2009 Posts

Hour after hour

Round 21, 2017
Melbourne 6.3, 9.6, 10.9, 14.12 (96)
St Kilda 1.1, 4.4, 8.11, 10.12 (72)
Crowd: 53,115 at the MCG, Sunday, August 13th at 1.10pm

Early this year Richo said development for this team in 2017 might not necessarily be reflected in a better win-loss ratio than 2016. Some key elements the group needed to improve on included consistency, the gap between best and our worst, and performances on the road in particular.

It seems like we’re forever playing whack-a-mole at Saints for problems (i.e. excuses), whether it’s over an extended period or on a certain day. Too many injuries throughout 2004, 2005 and 2006, adjusting to a new coach in 2007 and 2008, can’t kick straight on Grand Final Day in 2009. And so on.

But when we look at the record books (i.e. AFL Tables, FootyWire, etc.), they will show that for much of this season our own worst enemy was ourselves. For as long as football is played, sure, goalkicking will remain something of an issue. Somewhere between the insane pressure of being out on the ground and in the game, and having to get your body up for another effort after a raised period of intensity and adrenalin in the moment preceding it, players will struggle to get everything right. How much is too much? Grand Final Day 2009 was too much, and this year was too much.

How fitting it was that our goalkicking proved to be a major undoing on the day that our season effectively ended, after months of frustration and post-match press conferences of Richo saying the players “are working on it”.

That’s not to take anything away from Melbourne, by the way. For most of the day they worked harder to provide numbers for each other in tight and across the ground, to provide movement, were simply cleaner with their ball use and for the most part took their chance. They were good enough to keep their heads when faced with giving away a 40-point lead in time-on of the second quarter, and keep attacking after the newly-haired Membrey put us within a goal early in the last quarter.

Even on our winning days this year, kicking straight would cost us percentage that right now is the exclamation point on our inferior win-loss record. Never mind kicking ourselves out of the West Coast game. Want a maiden win over the wooden spooners to be? Have 14.23. Dominant win over the Pies? Enjoy 9.15. We all laughed when Josh Bruce ran into goal and hit the post – we’d coasted to 19.16 and a 75-point win over a broken Hawthorn. Not only had we wrenched back our season, but were looking sure things for a top-couple pick in the draft.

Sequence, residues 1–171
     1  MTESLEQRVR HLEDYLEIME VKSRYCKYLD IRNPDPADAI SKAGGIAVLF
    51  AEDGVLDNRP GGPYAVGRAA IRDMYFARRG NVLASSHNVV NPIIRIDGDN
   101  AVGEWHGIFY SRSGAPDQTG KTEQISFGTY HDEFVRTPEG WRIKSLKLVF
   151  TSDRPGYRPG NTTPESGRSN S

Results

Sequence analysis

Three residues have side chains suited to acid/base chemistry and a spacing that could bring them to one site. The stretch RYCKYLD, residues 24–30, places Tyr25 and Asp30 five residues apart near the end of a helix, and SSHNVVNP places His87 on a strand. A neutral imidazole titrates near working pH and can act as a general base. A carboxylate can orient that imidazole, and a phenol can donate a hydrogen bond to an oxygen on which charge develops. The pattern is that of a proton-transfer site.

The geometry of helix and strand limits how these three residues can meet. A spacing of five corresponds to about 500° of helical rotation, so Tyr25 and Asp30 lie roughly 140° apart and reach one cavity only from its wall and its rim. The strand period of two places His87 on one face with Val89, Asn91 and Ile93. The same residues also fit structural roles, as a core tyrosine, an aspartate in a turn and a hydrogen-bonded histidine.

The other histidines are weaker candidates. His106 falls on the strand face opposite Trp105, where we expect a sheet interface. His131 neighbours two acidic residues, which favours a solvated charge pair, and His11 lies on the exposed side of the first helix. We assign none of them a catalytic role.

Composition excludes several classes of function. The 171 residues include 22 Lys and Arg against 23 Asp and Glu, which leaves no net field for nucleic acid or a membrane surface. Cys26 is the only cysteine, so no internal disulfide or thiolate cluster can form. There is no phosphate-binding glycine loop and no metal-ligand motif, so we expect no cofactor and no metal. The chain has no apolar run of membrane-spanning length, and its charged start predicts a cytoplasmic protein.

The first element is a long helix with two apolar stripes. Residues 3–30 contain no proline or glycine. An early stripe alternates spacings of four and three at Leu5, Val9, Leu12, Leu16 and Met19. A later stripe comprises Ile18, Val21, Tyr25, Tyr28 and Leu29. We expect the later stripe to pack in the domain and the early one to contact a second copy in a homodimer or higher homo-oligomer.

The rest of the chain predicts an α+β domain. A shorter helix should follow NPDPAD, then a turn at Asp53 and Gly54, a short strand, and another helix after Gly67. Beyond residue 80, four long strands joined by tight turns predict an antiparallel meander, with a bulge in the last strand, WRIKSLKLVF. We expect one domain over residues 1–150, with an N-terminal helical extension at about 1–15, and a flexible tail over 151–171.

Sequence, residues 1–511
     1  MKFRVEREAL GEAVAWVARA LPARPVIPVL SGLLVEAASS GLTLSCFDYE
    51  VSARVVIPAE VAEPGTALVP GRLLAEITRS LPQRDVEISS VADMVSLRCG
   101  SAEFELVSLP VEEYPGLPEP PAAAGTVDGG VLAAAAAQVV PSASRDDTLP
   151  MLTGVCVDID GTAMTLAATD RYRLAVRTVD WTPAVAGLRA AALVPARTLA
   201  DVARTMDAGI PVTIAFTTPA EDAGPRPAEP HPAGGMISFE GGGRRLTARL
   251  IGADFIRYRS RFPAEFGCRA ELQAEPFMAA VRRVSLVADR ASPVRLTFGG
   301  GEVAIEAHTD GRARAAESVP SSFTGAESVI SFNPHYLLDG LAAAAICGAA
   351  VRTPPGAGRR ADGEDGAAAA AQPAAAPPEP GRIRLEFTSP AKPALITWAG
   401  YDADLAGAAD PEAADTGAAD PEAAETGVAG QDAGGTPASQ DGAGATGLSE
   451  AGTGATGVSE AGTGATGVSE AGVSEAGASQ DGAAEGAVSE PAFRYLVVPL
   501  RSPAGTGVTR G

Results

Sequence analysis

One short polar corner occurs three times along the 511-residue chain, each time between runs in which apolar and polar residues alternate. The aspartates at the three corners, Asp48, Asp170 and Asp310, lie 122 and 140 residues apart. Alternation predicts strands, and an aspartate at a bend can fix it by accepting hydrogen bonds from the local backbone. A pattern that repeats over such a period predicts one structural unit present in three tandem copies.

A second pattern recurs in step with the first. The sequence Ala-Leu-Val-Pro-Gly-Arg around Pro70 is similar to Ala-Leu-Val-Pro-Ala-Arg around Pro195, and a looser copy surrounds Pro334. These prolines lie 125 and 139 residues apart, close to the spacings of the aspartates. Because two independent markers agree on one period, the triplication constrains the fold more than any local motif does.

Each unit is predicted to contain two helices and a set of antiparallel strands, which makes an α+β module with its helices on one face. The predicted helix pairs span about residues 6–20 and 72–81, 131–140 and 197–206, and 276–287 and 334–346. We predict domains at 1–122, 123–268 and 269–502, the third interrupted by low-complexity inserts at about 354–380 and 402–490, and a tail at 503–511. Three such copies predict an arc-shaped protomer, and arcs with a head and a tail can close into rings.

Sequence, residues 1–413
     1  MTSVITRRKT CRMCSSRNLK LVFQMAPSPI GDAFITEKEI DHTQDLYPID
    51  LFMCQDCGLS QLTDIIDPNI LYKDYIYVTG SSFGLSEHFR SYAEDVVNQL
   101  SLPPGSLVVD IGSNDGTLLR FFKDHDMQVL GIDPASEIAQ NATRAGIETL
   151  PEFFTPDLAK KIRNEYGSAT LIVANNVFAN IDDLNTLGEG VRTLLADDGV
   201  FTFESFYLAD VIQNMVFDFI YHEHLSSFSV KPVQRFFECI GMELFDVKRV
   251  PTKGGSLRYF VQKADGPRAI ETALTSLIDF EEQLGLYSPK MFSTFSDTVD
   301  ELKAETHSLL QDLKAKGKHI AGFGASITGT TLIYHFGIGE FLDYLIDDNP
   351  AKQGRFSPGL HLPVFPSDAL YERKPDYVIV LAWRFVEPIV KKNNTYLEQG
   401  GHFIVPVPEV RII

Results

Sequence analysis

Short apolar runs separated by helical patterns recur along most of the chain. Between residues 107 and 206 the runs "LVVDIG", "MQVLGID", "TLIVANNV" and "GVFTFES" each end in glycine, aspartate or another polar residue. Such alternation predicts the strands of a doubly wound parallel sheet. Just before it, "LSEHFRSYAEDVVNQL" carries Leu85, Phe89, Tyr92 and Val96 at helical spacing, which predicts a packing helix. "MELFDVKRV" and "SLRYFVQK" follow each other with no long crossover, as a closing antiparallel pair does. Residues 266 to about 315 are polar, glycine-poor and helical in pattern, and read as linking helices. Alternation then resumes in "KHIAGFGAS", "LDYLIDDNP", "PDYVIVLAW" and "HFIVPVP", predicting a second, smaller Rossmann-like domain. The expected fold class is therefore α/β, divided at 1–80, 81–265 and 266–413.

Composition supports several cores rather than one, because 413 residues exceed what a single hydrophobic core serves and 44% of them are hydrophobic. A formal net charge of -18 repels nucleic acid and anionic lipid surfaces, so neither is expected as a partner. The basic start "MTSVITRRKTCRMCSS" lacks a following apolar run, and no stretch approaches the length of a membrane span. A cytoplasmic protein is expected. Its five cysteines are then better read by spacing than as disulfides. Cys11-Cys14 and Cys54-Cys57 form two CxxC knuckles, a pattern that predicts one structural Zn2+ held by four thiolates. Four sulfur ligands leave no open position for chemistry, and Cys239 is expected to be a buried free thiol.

A few months and 12.13, 12.17, 14.19, 12.17 again, 7.15, and 8.13 and Robbie Gray later, here we are. Josh Bruce missing very close shots at goal twice, shanking a big set shot and losing the ball from his bounce as he ran into goal in the last minutes was the Champs-Élysées stage of our relevance to the 2017 season.

We will bemoan giving away a hefty lead early yet again, but inaccuracy and its podium-placed teammate Kicking Into Attack again proved far too telling far again.

There was also the lack of DARE® Iced Coffee that has underpinned so many of our poor starts, but that might not have looked so bad but for some awful entries going forward. We’d already hit the Down the Line button within the opening minutes but a few times we caught them on the break, only for Weller, Sav, Ross and Dunstan to not be able to kick it to the advantage of Gresham – Dunstan’s kick across the square was particularly awful – Sinclair and Membrey (or in Weller’s case, just the goals themselves). We’re not even talking hitting up leads here, simply goalside would have been enough, but the trend was to have the ball fall short each time. There’s the good kind of consistency and the bad kind of consistency.

A turnover from a bemusing-at-best Bruce handball (after a questionable mark from a questionable Seb Ross kick) the finished with a goal to Pedersen summed things up for the quarter, but it was just a taste of things to come from Bruce. This was before the third quarter onslaught of Gresham, Billings, Membrey et al. missing shots.

Seb Ross had had 14 touches at quarter time but it felt like several too many. Maybe he was feeling for Jobe, and he was working hard but an inexperienced James Harmes reflected the intent and composure that Melbourne brought by kicking three goals himself and honouring the hard work higher up. There is a tipping point at which having a whole bunch of looks forward doesn’t matter if you’re not going to kick straight or use the ball properly.

Since the Port Adelaide game particularly, but built on a solid base of uncompleted marks throughout the year, I think Bruce has come to represent working incredibly hard for little reward. The Port game was a great example – wet conditions, tough for a tall forward, interstate and a hostile crowd, and formidable opposition for a St Kilda-style dramatic finish (i.e. heartbreaking loss). but he gave contest after contest even though the delivery wasn’t great (also ran into the post taking a mark and Membrey kicked the goal from the spill). However, he finished with 0.3 in a game that we were 2.12 when the three-quarter time siren went, and still 8.13 by the end.